Post Office: The Marylebone Greenwave
No less than seventeen musicians are listed as members of Post Office, a multi-limbed collective spearheaded by keyboardist Eddie Stevens and percussionist Dan Darriba, who also composed and produced the outfit's fifty-six-minute debut album. Though the title refers to a London myth whereby taxi drivers attempt to drive through King's Cross to the Marylebone flyover without hitting any red lights, the work as a whole is a concept album dedicated to the life cycle, all the way from the first breath taken to the moment of expiration. Contributing to the Post Office sound are (deep breath now) guitarist Dedi Madden, drummer Dave de Rose, vocalists Sia Furler and Sara Underwood, soprano saxist Tom Chant, trombonists Barnaby Dickenson and Trevor Mires, French horn players Clare Moss and Dave Lee, trumpeters and flugelhorn players Neil Yates, Martin Shaw, Guy Barker and Graeme Flowers, and Catgut on strings.
In keeping with the life cycle theme, the album breaks into three sections, the first of which deals with the period from birth to puberty, the second adulthood with all its humbling reality-checks, and the third life's twilight. In like manner, the musical presentation changes as it advances through the seven compositions, referencing along the way everything from acid jazz and IDM to ambient and neo-classical. Solidifying the connection between the programmatic content and the individual tracks, text passages for the individual pieces are included in the release's inner booklet to complement the album's largely instrumental content.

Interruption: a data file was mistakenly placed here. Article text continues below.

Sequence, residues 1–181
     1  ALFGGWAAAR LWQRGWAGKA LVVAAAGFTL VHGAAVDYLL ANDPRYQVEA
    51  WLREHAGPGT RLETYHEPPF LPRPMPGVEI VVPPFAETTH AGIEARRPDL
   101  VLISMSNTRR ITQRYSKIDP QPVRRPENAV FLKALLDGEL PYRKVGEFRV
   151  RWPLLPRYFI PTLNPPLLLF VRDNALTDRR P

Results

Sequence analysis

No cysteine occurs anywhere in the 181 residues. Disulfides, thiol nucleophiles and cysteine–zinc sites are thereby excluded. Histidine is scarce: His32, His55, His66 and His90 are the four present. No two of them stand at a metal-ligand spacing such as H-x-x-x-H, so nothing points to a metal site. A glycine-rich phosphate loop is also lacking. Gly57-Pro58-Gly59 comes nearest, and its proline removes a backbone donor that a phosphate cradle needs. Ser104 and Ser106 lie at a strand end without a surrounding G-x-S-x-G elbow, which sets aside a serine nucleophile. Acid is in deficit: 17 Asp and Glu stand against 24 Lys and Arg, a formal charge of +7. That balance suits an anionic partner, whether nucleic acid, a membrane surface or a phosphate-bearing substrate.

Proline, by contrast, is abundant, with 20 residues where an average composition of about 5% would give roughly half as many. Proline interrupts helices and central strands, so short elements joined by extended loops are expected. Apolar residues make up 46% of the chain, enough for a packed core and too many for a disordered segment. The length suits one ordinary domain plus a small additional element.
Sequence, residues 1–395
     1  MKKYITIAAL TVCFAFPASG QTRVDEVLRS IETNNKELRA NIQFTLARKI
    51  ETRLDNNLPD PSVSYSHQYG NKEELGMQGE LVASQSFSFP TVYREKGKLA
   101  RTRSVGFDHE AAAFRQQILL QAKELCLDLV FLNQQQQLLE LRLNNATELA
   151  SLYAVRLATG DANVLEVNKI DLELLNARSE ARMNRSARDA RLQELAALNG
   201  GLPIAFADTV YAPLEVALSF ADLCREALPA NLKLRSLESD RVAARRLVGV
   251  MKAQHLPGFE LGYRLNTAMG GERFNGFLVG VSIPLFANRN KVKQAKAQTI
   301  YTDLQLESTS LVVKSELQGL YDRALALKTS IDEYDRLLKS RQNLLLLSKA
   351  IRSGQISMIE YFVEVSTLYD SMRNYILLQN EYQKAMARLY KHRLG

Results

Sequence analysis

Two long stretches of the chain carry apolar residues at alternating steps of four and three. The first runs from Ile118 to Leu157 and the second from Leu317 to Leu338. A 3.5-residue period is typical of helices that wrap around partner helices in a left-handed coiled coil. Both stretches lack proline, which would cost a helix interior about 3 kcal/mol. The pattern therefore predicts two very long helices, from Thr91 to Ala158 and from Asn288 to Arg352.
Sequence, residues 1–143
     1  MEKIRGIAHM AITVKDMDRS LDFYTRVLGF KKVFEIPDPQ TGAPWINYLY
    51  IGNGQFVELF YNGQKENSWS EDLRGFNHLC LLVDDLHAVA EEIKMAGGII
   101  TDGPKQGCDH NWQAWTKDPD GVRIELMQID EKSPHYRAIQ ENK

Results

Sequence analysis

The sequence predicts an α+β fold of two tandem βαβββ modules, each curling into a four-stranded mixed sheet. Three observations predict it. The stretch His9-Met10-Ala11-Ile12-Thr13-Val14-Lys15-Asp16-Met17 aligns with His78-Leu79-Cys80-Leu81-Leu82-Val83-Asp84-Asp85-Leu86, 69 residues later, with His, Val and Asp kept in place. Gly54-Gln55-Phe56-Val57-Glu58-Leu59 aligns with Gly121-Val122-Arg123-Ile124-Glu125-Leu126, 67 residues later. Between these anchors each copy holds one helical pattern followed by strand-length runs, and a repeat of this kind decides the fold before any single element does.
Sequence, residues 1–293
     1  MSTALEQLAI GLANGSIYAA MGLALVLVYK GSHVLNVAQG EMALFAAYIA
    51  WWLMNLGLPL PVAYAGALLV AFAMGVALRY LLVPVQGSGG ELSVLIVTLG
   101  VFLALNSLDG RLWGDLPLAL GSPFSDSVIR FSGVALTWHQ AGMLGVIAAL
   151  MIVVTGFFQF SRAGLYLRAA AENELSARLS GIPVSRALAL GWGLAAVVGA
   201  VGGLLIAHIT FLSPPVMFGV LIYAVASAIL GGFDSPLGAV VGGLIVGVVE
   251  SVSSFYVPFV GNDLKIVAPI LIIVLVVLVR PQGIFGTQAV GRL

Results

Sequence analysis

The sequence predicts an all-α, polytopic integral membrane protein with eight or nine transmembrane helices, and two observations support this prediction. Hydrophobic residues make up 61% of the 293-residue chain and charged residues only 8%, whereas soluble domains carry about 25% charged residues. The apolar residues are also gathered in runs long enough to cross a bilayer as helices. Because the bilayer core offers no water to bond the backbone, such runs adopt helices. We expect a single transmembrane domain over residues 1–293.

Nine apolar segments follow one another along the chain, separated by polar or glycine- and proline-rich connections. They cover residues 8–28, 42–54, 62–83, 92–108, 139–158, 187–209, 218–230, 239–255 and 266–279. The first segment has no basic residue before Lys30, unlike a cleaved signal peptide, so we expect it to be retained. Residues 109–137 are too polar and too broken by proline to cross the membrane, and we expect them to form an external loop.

At the outset, “Dawn at Refuge des Oulettes de Gaube” soothes the listener with delicate, woodland murmurs of keyboards, woodwinds, and strings, the music entrancing until it explodes at the six-minute mark to suggest tumult in the new arrival's life. The rebellious period of adolescence is soundly evoked by “Ascent of the Young,” a raucous, take-no-prisoners plunge into acid jazz, noise rock, and Aphex-styled madness that Chant and Madden roar through with abandon. Even at this early stage of the album, Post Office's penchant for dynamic extremes has been rendered powerfully, even painfully (in the second track) evident. The comparatively restrained meditation “Tiny Overnight” allows for a brief, tablas-sprinkled interlude by which to catch one's bearings before the Latin-tinged “Pin Out My Eyes” takes over. Timbales, congas, and piano figure prominently during the first part of this episodic track, which gradually morphs into an oddball fusion of ‘60s lounge pop, horn-drenched R&B, and twitchy electronica with a sultry vocal by Furler leading the charge.Madden then struts his own vocal chops on the big band-styled “Rust,” after which “Mr. Trebus” arrives, a stylistically wide-ranging, fourteen-minute opus featuring vocals by Underwood that was inspired by the true story of a man who fought for the right to horde junk in his house. Bringing things full circle, the Proustian-titled “Time Regained” closes the album on a relatively serene and even triumphant note. Robust and vibrant, the album is, as mentioned, a sometimes uproarious collection that dynamically doesn't shy away from extremes. One presumes that, in the eyes of Stevens and Darriba, such would also be the definition of a life well-lived.